Are we born to lead or follow? Are there any certain, genetically determined traits found in some people that naturally puts them in a leadership position? In today’s post, Dr Monika Stuczen shares her thoughts on what it takes to be a good leader and simple tools that make for effective leadership. Enjoy reading!
I was born into an average working class family and grew up under communism in my country. I can’t say that my parents or the society helped me to become a confident child. I was rather treated like someone without any rights to speak, especially at school. If you spoke out loud, it was seen as a lack of respect towards adults and teachers so we always kept our thoughts and opinions to ourselves. As a young person, I was so shy that even a trip to the shop was a challenge because I had to speak and ask for what I wanted. I so hated this feeling of shyness and over years was trying to do everything to overcome it by exposing myself to many challenging situations which required me to be more open and take a lead.
Recently, there has been a lot of discussion focused on how to deliver diversity within Science, Technology, Engineering and Maths (STEM). However it is still the case that a lot of work remains in addressing the underrepresentation of black and minority ethnic (BME) individuals, disabled people, women and those from socially disadvantaged groups in STEM. In this article, Hephzi and Amara discuss how decision makers within STEM can engage with BME communities to ignite a passion for STEM in young people and create an awareness of career opportunities within these sectors.
Up until 2011, the concepts of ‘science communication’ and ‘public engagement’ were alien to me. I had never been to a science fair, a science show or even visited a science museum! I had never sat in an audience where someone or a group of people discussed the range of opportunities and possibilities which could arise from pursuing a career within STEM.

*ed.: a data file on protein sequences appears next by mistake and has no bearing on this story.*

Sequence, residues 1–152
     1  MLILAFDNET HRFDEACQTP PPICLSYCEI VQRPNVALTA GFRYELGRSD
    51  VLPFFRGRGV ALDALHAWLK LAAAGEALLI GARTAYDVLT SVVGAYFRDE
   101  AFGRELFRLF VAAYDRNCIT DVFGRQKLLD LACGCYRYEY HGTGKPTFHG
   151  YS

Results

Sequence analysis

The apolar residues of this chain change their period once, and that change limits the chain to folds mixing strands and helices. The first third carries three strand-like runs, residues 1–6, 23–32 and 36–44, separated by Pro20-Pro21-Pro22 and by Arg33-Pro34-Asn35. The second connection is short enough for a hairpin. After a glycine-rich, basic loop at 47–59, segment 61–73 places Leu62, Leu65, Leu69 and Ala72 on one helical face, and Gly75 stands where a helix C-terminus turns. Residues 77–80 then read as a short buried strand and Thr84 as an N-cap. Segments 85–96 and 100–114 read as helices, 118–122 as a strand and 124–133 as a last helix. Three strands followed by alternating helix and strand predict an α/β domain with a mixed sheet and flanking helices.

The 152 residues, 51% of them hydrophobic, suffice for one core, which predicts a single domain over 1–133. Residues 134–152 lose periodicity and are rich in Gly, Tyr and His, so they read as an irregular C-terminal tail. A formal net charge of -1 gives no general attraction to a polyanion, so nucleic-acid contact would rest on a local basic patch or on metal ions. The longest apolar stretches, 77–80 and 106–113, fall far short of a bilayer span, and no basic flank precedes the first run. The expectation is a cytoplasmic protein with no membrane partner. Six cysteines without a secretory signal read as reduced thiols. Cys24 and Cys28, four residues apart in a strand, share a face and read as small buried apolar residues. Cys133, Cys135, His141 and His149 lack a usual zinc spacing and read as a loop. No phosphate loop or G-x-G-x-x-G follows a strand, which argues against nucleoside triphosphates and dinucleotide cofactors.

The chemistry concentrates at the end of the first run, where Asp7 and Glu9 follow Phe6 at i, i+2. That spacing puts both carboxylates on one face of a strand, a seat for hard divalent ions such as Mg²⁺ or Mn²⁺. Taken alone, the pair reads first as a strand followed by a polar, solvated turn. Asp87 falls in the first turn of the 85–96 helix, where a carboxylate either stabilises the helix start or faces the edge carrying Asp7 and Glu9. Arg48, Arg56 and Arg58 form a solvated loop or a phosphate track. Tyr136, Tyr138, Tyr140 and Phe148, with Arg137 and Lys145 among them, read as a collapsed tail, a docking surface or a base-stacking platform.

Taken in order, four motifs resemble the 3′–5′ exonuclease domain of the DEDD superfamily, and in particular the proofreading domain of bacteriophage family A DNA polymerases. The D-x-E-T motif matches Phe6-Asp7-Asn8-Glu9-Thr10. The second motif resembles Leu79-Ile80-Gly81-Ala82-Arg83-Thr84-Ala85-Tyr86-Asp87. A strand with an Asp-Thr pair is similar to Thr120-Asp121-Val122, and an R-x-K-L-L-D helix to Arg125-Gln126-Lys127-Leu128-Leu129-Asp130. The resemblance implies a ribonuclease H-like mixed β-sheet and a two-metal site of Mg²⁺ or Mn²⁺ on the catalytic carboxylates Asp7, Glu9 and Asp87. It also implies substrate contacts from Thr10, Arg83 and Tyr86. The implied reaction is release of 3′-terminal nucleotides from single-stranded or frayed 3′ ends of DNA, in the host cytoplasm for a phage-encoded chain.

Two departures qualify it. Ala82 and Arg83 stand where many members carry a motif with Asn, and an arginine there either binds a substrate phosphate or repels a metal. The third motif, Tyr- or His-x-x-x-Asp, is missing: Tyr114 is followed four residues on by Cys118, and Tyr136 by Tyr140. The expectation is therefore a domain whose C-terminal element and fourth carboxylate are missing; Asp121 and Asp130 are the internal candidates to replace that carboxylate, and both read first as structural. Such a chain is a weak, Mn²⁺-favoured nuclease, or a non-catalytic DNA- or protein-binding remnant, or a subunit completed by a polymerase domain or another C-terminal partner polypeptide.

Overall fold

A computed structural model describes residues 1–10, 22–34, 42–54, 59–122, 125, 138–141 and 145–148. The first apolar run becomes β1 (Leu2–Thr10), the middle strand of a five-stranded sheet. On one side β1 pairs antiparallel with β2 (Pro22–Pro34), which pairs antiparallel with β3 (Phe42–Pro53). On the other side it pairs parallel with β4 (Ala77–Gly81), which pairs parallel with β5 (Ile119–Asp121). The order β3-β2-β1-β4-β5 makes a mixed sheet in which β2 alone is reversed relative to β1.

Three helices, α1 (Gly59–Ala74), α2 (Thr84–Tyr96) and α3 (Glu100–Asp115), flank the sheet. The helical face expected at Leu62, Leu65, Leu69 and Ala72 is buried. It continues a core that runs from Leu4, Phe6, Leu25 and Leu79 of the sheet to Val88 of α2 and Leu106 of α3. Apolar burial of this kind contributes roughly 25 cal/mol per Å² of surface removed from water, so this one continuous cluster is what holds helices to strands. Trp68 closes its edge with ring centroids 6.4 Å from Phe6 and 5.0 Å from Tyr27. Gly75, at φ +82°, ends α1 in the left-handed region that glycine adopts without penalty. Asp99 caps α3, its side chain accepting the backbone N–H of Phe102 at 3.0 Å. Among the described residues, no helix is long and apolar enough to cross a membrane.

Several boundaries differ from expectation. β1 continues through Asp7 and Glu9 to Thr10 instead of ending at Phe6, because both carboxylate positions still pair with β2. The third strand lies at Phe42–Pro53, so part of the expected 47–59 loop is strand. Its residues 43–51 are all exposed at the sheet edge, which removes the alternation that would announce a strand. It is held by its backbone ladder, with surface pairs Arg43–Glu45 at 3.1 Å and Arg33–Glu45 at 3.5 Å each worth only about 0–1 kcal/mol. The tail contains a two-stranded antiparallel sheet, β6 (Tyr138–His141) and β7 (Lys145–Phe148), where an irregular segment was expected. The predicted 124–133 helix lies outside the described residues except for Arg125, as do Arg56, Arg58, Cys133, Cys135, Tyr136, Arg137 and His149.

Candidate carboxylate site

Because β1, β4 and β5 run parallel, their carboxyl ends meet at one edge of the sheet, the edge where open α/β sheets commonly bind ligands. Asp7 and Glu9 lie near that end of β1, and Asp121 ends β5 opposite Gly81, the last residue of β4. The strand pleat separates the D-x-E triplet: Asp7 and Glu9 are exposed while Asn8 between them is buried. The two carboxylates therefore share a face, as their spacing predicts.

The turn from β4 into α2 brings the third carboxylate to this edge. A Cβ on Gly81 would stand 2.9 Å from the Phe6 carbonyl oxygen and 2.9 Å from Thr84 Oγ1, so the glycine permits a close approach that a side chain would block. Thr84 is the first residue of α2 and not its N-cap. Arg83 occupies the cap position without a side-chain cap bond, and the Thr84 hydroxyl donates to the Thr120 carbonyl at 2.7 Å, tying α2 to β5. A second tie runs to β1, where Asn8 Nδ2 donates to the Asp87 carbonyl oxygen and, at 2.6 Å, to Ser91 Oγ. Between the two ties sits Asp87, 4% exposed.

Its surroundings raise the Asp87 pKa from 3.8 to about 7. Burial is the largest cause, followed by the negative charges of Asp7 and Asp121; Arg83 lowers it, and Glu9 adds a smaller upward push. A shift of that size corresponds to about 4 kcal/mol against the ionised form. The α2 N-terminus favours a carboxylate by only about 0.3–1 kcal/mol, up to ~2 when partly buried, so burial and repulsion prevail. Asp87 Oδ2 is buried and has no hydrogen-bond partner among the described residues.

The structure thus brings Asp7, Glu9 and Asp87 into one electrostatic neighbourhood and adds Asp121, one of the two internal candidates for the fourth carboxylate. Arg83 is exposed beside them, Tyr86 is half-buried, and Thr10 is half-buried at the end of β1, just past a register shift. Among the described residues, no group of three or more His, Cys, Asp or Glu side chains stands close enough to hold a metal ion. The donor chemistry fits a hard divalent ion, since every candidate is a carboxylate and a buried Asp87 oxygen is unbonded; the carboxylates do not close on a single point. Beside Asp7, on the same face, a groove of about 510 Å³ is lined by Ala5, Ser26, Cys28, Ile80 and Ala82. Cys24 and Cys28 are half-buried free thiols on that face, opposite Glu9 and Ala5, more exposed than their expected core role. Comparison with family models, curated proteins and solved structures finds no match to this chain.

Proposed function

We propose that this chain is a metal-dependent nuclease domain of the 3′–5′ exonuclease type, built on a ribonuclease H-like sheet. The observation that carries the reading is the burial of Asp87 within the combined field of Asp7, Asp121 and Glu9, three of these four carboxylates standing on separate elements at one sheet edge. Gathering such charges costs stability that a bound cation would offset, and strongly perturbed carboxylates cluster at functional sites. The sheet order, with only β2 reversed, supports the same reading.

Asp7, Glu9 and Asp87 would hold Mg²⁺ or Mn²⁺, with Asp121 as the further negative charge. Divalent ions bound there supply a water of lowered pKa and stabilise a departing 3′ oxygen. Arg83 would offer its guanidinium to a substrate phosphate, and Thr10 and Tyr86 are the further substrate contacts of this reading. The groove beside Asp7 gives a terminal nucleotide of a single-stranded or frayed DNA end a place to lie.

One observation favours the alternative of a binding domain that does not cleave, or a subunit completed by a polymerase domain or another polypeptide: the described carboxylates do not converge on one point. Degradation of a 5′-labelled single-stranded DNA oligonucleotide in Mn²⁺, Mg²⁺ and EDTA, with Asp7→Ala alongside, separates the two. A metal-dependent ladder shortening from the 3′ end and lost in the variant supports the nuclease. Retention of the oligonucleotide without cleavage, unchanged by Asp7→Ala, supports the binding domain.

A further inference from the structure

I belong to two categories classed as underrepresented audiences in STEM; I am black and female. My recent discovery of the variety of ways in which scientists engage with the public is despite the fact that I have always been interested in science. I studied all three science subjects – Physics, Chemistry, and Biology – as well as Maths for my A’ Levels and have ‘stayed in science’ till date – working towards a PhD in Cell Biology. So, how does one with such an interest in science have such a myopic view on the diversity of career pathways within it?
Are you thinking of writing your first novel or have you started writing but need that bit of inspiration to help you complete your first manuscript? In this article, John Hancock, Associate Professor of Molecular Biology and Author of several academic textbooks in Molecular Biology and Cell Signalling shares his experience of writing fiction. John also shares some advice for prospective authors on taking the plunge into writing that first novel. Enjoy!
Writing is both fun and escapism. Having written quite a lot of non-fiction having the chance to write a story is refreshing. There is no right or wrong way to do fiction, by which I mean you can write about anything as long as it, hopefully, comes across as engaging and enjoyable.